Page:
By Veronika Meduna
Space scientists have seen a lot of evidence for frozen water at the Martian poles, and water vapour in the planet's atmosphere, but in theory, Mars should be too cold to support liquid water.
Recently, however, NASA’s Curiosity rover discovered deposits of salts, known as perchlorates, which significantly lower the freezing point of water. The findings suggest that liquid water could form below the Martian soil surface on cold winter nights, and evaporate again in the morning when temperatures start to rise again.
The discovery was made while the rover traversed Gale Crater, near the Mars equator, taking round-the-clock, year-round measurements. An international team led by Javier Martín-Torres from Luleå University of Technology then analysed data on atmospheric humidity and temperature from a full Martian year, finding that while it would be impossible to detect the brine directly, the conditions for its formation are right.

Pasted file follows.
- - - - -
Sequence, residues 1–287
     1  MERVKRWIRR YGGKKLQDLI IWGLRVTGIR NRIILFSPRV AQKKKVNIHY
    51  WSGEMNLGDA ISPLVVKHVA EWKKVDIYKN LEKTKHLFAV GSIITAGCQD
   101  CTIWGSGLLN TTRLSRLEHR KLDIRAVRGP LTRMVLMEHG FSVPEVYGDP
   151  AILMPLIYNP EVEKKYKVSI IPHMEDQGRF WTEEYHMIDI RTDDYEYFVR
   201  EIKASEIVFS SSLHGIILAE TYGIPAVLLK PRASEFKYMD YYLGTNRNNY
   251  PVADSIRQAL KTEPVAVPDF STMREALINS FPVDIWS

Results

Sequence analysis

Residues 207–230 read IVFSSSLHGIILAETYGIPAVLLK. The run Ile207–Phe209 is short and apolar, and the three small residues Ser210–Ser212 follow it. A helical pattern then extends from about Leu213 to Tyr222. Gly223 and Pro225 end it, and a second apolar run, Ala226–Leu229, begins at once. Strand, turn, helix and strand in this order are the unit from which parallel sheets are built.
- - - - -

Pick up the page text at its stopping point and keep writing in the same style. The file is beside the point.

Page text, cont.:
Astrophysicist Duncan Steel says water is a prerequisite for life as we know it but the discovery does not mean that life will be discovered on Mars. “We also find organic chemicals there, all but that that means is that the building blocks of life are there. Although it’s exciting to find liquid water on Mars, there really is no way of making an estimate at all as to whether there is any life elsewhere in the universe.”